This Is Why Fried Turkey Catches On Fire, According To Andrew Zimmern

While Thanksgiving is a fun and festive holiday full of good food and great company, preparing a huge meal for your loved ones can also be a little stressful. Between getting the butter-to-mashed-potato ratio just right to making sure the dinner rolls don't burn, there are a lot of things to keep track of in order to pull off a successful Thanksgiving dinner. But while the side dishes are important, there is one thing you definitely don't want to mess up on this holiday: the turkey. The tender bird is the main event of the holiday — the course that everyone is waiting for — so it would be devastating to put all that work in, only to have the pièce de résistance come out wrong.

On Thanksgiving, many people want to enjoy the crispy, savory flavor of a fried turkey, but it's perhaps the riskiest method of preparing the dish. If fried incorrectly, the turkey can come out dry, rubbery, or, worst of all, it may even catch fire if prepared wrong. But luckily, James Beard Award-winning celebrity chef Andrew Zimmern has the perfect tips to help keep your turkey crispy and not charred this holiday season. His number one rule? Don't fry the whole bird at once — a method which Zimmern calls a "dangerous" way to prepare the turkey.

Frying the whole turkey is a fire hazard

In addition to being dangerous and at higher risk of catching fire, Andrew Zimmern also warns that frying the bird whole is likely to result in an overcooked outside and tough, undercooked inside. Instead, Zimmern recommends deconstructing the turkey and frying each piece individually to ensure they are cooked to tender, juicy perfection while limiting the risk of the bird catching fire. For best results, Zimmern brines the thighs, breasts, and legs for 6 hours and lets the turkey dry out uncovered in the refrigerator overnight before dipping each piece in buttermilk and seasonings and frying them separately.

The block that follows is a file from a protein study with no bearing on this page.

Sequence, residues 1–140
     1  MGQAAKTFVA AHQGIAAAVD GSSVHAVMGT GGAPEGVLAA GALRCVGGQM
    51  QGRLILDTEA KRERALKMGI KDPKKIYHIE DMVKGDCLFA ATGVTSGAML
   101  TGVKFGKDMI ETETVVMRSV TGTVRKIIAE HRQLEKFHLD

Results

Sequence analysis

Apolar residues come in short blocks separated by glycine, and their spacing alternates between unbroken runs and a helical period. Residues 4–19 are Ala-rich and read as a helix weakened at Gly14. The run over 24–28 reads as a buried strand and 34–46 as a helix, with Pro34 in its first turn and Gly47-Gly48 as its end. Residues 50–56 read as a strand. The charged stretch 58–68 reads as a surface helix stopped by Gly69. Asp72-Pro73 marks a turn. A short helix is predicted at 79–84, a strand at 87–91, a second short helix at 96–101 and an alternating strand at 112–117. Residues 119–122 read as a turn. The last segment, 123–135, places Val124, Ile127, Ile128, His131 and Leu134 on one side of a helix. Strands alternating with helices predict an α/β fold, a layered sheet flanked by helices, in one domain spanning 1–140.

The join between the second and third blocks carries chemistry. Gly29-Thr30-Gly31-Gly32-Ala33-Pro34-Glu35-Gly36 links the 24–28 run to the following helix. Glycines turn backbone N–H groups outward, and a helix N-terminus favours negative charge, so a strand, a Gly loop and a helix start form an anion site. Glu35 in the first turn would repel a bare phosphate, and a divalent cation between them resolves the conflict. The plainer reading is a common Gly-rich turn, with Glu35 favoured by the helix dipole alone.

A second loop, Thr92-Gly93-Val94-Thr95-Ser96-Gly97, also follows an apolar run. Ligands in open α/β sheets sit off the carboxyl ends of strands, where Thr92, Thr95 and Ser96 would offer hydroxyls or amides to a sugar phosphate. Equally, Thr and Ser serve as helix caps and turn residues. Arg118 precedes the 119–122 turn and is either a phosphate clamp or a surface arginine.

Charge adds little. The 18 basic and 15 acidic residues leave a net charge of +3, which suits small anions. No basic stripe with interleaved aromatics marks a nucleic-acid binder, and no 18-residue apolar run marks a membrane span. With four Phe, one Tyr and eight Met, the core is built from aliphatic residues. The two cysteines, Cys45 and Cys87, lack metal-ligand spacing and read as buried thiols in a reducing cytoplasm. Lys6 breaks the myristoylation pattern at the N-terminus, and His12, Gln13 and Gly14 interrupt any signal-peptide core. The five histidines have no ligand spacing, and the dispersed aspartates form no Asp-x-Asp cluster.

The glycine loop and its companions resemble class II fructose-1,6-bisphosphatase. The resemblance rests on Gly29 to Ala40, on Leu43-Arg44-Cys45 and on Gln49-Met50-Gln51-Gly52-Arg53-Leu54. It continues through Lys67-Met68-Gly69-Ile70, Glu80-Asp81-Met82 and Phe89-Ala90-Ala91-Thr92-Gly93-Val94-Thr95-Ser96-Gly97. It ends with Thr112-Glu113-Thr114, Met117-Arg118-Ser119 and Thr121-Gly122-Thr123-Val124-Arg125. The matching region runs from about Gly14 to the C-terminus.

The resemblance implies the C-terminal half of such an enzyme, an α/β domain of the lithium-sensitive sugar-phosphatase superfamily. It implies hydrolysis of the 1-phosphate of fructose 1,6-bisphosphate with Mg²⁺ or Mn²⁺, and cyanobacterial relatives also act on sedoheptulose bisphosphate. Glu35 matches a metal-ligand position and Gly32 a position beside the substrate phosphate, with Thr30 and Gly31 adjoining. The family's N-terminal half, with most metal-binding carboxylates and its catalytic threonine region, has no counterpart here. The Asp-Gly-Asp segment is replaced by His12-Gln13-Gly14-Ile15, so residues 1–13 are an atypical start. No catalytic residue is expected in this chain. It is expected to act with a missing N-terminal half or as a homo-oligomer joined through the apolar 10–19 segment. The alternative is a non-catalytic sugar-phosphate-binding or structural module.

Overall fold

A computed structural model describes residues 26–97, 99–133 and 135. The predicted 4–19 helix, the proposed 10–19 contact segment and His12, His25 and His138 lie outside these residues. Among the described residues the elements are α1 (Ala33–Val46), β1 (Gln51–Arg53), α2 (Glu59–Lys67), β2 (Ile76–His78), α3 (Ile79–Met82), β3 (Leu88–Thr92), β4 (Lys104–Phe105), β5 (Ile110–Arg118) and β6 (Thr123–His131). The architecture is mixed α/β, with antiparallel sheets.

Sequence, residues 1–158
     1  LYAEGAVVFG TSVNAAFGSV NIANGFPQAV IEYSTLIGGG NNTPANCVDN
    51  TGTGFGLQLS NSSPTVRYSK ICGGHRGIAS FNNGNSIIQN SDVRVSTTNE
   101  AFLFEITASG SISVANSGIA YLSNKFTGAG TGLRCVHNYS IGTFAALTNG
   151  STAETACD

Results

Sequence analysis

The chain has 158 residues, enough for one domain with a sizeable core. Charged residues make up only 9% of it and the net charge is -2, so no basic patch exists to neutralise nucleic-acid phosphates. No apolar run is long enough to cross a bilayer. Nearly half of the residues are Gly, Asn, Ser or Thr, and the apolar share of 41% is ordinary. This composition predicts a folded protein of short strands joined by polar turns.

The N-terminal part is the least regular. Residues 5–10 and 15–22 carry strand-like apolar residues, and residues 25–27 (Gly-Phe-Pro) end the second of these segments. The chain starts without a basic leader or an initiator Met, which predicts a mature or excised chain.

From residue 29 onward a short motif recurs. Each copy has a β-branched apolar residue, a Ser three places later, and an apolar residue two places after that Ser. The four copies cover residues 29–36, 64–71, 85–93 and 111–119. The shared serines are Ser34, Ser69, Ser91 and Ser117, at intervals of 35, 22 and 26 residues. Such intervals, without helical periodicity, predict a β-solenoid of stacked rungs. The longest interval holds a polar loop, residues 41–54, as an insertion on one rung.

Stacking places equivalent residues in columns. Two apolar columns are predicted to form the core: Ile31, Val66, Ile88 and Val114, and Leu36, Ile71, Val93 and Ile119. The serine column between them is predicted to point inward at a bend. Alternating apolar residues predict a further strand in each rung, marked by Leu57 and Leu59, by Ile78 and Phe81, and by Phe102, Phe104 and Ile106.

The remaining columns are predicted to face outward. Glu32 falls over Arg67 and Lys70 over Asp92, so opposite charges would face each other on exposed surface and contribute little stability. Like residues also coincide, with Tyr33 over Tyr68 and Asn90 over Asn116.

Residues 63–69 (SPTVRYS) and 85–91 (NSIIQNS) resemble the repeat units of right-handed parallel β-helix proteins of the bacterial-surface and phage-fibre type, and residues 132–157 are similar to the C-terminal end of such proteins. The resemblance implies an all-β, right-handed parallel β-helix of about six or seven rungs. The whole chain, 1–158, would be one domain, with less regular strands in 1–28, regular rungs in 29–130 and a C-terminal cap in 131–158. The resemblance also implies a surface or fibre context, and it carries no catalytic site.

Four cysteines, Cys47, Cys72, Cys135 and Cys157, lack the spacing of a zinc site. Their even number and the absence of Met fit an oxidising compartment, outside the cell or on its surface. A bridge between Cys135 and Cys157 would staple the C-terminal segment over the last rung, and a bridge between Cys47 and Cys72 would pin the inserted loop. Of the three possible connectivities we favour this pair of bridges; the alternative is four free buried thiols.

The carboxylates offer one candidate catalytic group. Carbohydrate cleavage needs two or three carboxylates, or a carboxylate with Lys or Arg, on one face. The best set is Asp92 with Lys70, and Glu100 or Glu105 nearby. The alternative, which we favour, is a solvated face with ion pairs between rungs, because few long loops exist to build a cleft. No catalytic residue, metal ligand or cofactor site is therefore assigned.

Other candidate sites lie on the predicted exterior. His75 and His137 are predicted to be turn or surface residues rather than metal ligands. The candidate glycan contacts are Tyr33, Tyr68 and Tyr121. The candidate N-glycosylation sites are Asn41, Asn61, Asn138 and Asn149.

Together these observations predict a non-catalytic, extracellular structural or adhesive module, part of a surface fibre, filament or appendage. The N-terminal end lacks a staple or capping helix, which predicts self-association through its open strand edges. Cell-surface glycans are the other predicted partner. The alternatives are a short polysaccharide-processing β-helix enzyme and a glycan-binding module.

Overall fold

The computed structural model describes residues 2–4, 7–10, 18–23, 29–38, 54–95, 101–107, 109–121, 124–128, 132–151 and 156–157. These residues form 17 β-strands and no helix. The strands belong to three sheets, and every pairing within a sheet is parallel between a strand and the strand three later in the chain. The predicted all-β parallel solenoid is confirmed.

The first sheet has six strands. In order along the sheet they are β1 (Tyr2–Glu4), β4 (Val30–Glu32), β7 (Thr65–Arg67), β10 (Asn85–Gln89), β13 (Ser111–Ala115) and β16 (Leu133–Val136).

Zimmern guarantees that "this method will give you perfect results every time," and based on the social media responses, many of his fans agree. "Will definitely be frying my turkey like this from now on. Cook smarter, not harder," @the_rah_rah_kitchen posted to Instagram. "OMG, that looks amazing!!!" raved one user, while another joked, "Sir, what time is dinner cause I definitely coming over." So if you're planning to fry your turkey this Thanksgiving, you'll definitely want to try Zimmern's technique for crispy, delicious fried turkey — without any unwanted flames.